Knowing how your Myers-Briggs Type Indicator® (MBTI®) personality type deals with and mentally processes emotions can help you alter your current emotional inclinations and augment your emotional intelligence. For example, this week we’ll learn how the Introverted Thinking with Extraverted Intuition MBTI test types handle emotions, and how they can improve their methods.
Learning about your MBTI type’s degrees of emotional intelligence, defined as “a complex ability to regulate your impulses, empathize with others, and persist and be resilient in the face of obstacles,” can really aid you in becoming a more open or understanding person, and can provide you with insight on how to change the way you mentally process your emotions. (Pearman, 2002, CPP)
INTP Personality types, as the first letter of their MBTI type indicates, are fairly introverted when it comes to their emotions, preferring a more intrapersonal form of emotional intelligence. They are self-confident in their self-analysis, and measure their strengths and weaknesses based on reasonable parameters. Much of their mental processes are tied up in logic and learning, and they feel their best when working on some sort of academic or scholarly problem. Because of their pride in themselves and their abilities, they often prefer to work alone, relying on themselves for results. (Pearman, 2002, CPP)
Myers-Briggs® INTP types are what could be considered “emotionally closed off,” choosing to ignore his or her own feelings (along with the feelings of others) in favor of a logical analysis of a situation. When they do recognize their emotions or understand that something emotionally important has happened, it is usually further in the future, after they could have done something about it. Because they are so apprehensive about sharing their feelings (or even acknowledging their existence), INTP types often are very picky about who they choose to associate with on a deeper level than merely acquaintances. (Pearman, 2002, CPP)
Although they aren’t close-minded to others’ opinions or thoughts, it behooves INTP types to work on how they are perceived when others are explaining how they are feeling or what they are thinking. INTP types would greatly benefit from being more receptive toward the mental and emotional processes of their peers, allowing themselves to open up in response to this. (Pearman, 2002, CPP)
Another issue that INTP personality types may run into is that they can often become agitated if others are not mentally operating on the same logic-driven course that they are—that is, if others are of an opposite type and relying more on his or her thoughts and feelings to find a solution for problems. The best way for INTP types to work on this is to remain open-minded to others’ inclinations and strategies for dealing with their own emotions, even if the INTP type finds it illogical or ineffective. (Pearman, 2002, CPP)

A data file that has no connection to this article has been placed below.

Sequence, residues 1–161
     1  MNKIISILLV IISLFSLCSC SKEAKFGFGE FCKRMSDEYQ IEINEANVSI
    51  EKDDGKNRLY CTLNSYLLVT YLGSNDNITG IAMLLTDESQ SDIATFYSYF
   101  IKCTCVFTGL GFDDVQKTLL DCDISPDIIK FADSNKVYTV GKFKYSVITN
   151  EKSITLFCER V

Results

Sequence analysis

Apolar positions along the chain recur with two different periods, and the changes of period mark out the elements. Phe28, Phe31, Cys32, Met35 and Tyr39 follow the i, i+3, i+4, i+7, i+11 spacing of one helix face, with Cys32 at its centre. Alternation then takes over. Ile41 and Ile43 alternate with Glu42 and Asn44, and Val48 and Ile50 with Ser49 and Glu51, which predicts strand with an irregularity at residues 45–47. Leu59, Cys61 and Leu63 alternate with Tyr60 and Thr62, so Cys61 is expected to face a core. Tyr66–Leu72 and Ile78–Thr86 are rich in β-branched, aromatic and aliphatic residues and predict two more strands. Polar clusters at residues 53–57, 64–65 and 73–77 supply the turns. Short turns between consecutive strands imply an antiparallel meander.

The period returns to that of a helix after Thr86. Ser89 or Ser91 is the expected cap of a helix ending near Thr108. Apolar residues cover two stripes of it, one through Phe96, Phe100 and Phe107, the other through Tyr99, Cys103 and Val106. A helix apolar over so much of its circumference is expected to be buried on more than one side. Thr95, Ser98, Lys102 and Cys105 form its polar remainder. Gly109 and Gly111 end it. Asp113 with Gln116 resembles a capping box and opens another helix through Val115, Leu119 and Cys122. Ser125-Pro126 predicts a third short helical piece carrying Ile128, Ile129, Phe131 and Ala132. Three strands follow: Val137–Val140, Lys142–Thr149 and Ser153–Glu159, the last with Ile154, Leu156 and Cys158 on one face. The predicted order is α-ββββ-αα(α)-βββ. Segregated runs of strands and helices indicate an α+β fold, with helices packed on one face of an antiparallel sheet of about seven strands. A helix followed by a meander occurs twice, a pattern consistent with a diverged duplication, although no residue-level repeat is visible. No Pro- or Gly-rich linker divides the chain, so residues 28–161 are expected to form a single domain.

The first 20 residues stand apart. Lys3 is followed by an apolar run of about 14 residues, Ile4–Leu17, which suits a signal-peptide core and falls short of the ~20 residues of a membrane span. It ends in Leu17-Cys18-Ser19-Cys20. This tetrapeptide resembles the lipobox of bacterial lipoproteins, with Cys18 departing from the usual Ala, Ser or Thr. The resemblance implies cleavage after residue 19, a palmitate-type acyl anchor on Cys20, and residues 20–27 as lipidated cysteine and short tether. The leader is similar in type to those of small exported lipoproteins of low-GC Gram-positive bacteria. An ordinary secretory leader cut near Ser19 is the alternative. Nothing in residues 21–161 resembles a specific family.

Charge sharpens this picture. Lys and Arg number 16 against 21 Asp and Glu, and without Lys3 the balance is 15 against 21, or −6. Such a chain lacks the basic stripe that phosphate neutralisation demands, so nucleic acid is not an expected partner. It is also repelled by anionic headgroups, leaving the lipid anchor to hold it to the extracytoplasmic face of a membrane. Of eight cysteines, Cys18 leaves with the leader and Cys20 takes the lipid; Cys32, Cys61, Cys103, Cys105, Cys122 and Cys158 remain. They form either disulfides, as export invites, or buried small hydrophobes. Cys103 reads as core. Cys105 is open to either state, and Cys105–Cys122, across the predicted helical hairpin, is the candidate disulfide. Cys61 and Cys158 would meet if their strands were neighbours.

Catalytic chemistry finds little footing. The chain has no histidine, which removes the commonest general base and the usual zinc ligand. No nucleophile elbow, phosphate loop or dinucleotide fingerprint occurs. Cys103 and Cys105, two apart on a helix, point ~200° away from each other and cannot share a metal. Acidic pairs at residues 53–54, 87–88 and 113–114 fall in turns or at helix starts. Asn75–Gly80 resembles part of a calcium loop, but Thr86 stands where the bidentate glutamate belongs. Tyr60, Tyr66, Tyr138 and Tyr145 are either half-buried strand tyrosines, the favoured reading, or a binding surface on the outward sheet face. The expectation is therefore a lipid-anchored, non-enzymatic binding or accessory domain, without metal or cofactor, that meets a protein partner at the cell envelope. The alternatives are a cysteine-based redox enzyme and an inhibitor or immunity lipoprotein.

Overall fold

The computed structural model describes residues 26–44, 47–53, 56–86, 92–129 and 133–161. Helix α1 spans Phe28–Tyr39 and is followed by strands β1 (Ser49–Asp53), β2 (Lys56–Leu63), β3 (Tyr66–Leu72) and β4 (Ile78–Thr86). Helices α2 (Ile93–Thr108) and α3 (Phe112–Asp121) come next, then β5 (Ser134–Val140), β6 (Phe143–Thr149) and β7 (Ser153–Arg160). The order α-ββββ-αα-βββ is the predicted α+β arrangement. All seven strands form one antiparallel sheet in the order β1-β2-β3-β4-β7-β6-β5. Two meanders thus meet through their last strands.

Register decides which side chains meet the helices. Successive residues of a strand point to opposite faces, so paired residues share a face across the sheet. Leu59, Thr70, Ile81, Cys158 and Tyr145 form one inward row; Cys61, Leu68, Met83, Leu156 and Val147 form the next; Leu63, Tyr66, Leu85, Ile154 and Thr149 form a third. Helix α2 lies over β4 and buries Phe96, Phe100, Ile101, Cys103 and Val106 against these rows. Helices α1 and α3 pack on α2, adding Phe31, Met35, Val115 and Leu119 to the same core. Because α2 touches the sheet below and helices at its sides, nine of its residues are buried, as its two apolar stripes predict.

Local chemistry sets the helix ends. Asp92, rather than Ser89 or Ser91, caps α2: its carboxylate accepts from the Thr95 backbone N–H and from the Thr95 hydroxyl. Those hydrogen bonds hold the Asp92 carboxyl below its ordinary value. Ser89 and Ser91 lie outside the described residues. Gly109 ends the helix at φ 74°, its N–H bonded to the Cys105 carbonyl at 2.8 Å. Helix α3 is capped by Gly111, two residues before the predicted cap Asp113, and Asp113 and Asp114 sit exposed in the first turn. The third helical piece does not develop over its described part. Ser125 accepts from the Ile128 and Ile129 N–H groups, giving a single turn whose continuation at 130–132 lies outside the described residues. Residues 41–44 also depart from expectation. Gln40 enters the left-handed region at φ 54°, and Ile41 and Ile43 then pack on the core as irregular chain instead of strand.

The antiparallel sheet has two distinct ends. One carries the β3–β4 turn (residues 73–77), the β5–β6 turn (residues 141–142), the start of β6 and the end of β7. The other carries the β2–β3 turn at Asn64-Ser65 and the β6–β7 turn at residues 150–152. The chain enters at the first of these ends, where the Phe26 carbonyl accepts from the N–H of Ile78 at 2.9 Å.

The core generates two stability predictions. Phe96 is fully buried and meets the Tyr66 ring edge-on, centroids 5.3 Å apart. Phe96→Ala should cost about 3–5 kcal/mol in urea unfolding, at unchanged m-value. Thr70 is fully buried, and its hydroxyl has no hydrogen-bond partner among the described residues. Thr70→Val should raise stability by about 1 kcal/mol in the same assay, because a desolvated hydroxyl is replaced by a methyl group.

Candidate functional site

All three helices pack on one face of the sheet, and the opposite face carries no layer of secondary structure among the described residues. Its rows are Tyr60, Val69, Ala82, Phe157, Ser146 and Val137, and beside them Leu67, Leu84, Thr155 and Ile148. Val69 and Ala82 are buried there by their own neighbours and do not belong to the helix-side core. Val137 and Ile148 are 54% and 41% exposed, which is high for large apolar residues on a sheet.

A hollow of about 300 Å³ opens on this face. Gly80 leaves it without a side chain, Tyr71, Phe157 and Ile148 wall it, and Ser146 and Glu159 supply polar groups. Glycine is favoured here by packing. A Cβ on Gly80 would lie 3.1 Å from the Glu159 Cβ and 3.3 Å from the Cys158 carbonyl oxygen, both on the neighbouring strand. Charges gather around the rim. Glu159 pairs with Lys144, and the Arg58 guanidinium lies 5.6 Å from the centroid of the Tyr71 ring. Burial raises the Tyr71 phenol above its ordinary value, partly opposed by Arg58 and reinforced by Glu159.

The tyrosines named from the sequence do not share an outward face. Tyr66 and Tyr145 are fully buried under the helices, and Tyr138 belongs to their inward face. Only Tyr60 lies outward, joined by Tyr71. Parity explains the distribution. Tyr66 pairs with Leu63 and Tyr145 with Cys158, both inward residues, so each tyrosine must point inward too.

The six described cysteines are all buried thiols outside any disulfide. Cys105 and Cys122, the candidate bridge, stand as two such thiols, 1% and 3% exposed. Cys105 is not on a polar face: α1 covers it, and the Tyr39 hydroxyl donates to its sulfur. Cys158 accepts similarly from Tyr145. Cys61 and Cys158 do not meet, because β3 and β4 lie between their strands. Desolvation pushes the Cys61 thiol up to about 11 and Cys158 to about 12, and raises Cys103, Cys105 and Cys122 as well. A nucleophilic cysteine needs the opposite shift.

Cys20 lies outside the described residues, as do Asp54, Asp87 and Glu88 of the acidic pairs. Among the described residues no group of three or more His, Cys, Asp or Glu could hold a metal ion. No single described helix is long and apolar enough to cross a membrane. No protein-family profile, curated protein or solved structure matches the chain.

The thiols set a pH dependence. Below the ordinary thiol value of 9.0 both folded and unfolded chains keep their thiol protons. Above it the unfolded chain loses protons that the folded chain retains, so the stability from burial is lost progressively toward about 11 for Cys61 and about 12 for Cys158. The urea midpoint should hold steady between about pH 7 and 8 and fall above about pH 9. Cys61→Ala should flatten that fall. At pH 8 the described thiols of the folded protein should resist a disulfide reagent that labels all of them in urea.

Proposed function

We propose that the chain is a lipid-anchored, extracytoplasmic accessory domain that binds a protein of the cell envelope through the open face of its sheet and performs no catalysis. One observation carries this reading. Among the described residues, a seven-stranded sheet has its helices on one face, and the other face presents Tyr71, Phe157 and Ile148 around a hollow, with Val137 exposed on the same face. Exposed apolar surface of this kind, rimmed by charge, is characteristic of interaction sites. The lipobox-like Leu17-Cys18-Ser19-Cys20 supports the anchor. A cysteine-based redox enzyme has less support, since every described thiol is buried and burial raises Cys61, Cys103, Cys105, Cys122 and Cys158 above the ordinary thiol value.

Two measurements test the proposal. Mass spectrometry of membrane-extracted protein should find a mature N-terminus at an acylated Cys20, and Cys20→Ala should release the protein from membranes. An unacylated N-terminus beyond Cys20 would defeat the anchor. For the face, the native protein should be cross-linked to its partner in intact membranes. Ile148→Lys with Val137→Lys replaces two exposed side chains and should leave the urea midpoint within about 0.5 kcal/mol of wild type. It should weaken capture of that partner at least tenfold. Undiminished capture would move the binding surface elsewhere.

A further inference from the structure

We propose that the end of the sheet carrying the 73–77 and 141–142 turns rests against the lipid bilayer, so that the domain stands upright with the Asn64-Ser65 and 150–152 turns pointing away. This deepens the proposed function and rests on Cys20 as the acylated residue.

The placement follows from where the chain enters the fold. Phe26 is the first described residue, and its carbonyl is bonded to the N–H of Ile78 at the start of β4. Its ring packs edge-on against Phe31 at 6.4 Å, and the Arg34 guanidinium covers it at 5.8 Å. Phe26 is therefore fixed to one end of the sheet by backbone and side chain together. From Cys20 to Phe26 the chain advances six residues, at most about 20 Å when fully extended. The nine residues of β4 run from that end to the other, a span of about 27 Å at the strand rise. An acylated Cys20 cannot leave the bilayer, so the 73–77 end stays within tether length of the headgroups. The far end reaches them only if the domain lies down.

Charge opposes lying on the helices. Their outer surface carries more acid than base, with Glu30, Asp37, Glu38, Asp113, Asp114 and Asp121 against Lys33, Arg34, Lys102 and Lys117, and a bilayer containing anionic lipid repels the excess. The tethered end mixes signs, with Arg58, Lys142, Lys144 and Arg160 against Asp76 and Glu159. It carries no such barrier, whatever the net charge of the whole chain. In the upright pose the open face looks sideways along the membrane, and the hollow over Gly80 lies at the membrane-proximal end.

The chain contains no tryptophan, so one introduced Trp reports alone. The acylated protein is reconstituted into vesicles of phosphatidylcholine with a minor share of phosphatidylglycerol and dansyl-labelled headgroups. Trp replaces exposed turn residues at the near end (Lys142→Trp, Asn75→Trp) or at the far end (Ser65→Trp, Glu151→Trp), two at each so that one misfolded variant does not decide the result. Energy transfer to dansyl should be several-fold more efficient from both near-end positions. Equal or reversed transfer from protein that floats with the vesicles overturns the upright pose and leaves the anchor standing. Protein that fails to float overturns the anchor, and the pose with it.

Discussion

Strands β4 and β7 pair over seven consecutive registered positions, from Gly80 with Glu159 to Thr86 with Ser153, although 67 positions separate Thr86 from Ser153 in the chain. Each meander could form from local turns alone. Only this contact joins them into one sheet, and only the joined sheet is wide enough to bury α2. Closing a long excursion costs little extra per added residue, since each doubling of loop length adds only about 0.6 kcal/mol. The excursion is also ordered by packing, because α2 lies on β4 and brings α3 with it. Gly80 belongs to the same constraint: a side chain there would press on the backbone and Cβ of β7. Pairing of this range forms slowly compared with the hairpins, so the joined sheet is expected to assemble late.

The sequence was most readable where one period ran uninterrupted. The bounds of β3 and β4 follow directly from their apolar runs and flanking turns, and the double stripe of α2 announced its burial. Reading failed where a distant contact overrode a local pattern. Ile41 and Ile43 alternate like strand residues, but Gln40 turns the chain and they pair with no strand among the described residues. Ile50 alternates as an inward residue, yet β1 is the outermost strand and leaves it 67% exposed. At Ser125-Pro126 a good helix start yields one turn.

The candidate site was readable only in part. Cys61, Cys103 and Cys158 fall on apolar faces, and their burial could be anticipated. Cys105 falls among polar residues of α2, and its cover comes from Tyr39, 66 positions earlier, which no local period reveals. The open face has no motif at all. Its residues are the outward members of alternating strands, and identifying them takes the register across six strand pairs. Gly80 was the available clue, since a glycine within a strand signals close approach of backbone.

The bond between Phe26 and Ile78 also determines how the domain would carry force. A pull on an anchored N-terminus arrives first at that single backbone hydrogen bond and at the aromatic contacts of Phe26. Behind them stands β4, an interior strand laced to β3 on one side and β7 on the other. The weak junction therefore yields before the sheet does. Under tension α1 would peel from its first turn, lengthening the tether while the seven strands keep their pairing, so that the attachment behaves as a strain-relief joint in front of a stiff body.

Overall, although it may seem unnatural for MBTI test INTP types, the only real way to increase their level of emotional intelligence is to engage more with their emotions and with the emotions of others, and through more exposure and experience dealing with emotions, they will learn how to more accurately navigate them.
Discover how your personality best manages conflict, how the different parts of your personality work together to make decisions or gather information, how your personality type best communicates with others, and how you best deal with change in your life.
Get to the core of your personality by exploring the inter-workings of what makes up your MBTI® personality type.
The MBTI® Step II™ Interpretive Report outlines your personality on a grand scale, providing you with a detailed analysis of the facets that make up your persona. Discover how your personality best manages conflict, how the different parts of your personality work together to make decisions or gather information, how your personality type best communicates with others, and how you best deal with change in your life. Each broken-down dichotomy of your MBTI test personality type offers you a wealth of information to find out how your personality is formed.
Learn to communicate more efficiently by understanding how your personality type best interacts with others with the MBTI test below:
Learn to communicate more efficiently by understanding how your personality type best interacts with others.
Communication skills are highly coveted by organizations and businesses as well as being beneficial in working and personal relationships. Understanding how you best communicate with others can help you efficiently resolve conflict, express yourself, get points across, and interact better overall with the people around you. With the information gained from the MBTI® Communication Style Report, you’ll learn how to best talk and listen in a way that’s advantageous in several areas of your life.
Introduction To Type® and Emotional Intelligence. (Pearman, R. CPP, 2002)
Learn More About the MBTI INTP Personality Type
Explore Our Other INTP Blog Pages:
- Myers-Briggs test INTP Personality Type and Leadership Styles Blog
- Myers-Briggs test INTP Personality Type and Project Management Blog
- Myers-Briggs test INTP Personality Type and Innovation Blog
- Myers-Briggs test INTP Personality Type and Communication Blog
- Myers-Briggs test INTP Personality Type and Learning Styles Blog
- Myers-Briggs test INTP Personality Type and Decision-Making Blog
Click on one of these corresponding popular INTP Careers for detailed information including Career Stats, Income Stats, Daily Tasks and Required Education: Actuary/Risk Professional, Arbitrators, Mediators, and Conciliators, Architectural Drafters, Archivists, Art Directors, Food Science Technician, Geographer, Geoscientist, Librarian, Network and Computer Systems Administrators
Click On Your Personality Type & Read About Your Emotional Intelligence: